Close Calls

It’s been quite the week, huh? In processing and thinking about all the terrible things that have happened this week, I realized just how many times I have encountered death over the past month. None of them have involved me personally being in harm’s way. But each of them has struck close to home and reminded me how short life is. Let me explain…Four weeks ago, I ran the half marathon at Baylor’s annual Bearathon event. As I got close to the finish line, I noticed someone laying on the ground, surrounded by people. A race volunteer was directing people to run on the right side of the course to avoid him. I finished the race and wondered what was going on, but didn’t want to be rude or get in the way by trying to look.I found out later that afternoon that the man died at the hospital. It was one of those rare occasions where someone drops dead at the end of a race for no apparent reason. His name was Daniel Jones. He was a 23-year-old senior at Baylor, and the preliminary autopsy gave no explanation about why he died. It was a surreal feeling, knowing that I had run right past him, and he had just completed the same race as I had.

The following weekend, I was at my parents’ church for Easter. Toward the end of the service, a man suddenly passed out. Apparently he had been having trouble with high blood pressure, and it had been a stressful week. Thankfully, there was a nurse in the building and it wasn’t actually a heart attack. However, for a few minutes, that’s what everyone thought it was. Hearing his wife and kid sobbing in the back of the sanctuary was terrifying. I couldn’t move. Even though I didn’t know the guy, I felt like sobbing also.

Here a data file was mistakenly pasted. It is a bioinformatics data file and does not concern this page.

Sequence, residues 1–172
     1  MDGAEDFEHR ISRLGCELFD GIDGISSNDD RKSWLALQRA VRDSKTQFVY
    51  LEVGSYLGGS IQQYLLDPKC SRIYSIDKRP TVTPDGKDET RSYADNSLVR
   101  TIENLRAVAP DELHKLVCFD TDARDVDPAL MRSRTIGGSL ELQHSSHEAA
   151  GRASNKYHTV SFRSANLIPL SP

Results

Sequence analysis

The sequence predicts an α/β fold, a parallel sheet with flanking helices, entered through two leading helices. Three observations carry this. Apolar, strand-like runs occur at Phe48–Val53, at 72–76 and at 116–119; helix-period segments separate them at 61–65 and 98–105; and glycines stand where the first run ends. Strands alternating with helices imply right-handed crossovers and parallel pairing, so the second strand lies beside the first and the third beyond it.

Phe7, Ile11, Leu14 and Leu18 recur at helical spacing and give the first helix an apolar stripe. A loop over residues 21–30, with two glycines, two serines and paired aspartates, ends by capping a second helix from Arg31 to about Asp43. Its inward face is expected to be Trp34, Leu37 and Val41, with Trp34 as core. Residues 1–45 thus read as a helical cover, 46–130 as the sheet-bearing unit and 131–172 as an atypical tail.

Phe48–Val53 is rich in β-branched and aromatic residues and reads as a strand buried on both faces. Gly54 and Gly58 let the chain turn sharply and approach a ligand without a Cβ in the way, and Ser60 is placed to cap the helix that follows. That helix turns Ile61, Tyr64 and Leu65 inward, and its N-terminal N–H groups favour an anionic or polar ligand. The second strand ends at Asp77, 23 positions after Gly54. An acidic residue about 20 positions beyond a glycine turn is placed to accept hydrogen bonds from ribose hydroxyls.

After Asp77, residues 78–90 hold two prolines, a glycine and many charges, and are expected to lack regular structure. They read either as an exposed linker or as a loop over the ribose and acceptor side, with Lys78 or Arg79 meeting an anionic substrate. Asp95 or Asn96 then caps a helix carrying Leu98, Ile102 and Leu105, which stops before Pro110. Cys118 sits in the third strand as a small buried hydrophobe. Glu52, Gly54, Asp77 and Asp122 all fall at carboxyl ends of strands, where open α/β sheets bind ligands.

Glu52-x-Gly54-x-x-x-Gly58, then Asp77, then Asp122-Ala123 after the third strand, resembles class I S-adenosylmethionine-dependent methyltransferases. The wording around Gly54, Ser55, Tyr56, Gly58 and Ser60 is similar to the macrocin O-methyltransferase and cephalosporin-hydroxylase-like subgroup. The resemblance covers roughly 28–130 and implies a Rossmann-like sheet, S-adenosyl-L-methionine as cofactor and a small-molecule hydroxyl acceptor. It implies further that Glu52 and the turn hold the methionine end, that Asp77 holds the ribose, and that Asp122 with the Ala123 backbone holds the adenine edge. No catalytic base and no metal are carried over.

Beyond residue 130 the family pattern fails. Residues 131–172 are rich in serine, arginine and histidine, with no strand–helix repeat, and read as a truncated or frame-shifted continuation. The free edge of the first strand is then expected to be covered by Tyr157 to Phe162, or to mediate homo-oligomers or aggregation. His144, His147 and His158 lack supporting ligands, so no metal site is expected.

Being in such close proximity to almost two deaths within the space of a week shook me. It was a very real reminder that I am not guaranteed tomorrow, or even the next hour. However, after mulling over that for several days, I honestly forgot about them and continued on with life.

And then this week, I was confronted yet again with my mortality.

Although I was not close in proximity to the bombings in Boston, it hit close to home because I am a runner. I have run many road races over the past three years, and am constantly reading about the honor of “qualifying for Boston.” I had been watching the race live Monday morning, cheering for two of my favorite distance runners, Kara Goucher and Shalane Flanagan. It could have just as easily been me at that finish line.

On Wednesday came the explosion in West, where I was once again semi-close in proximity. I found myself once again reminded of how fragile life is. Here I am, worrying about whether or not I will have a job in four months when I move to Colorado. And yet, there is no guarantee that I will even be alive then. What if I am wasting my time right now worrying about a job, when I should be spending that time as if it’s my last day on earth? If I knew this was my last day, what would I be doing right now?

So, my prayer as I continue processing these events is that God will use these experiences to remind me of what is truly important. That I will leave each day in the moment, not worrying about tomorrow, doing things that actually matter.

Rather than being frightened by recent events, let’s remember that ultimately, God is control of how many more breaths we take. And in the meantime, our responsibility is to live life to the fullest, and show Christ’s love to as many people as we can.

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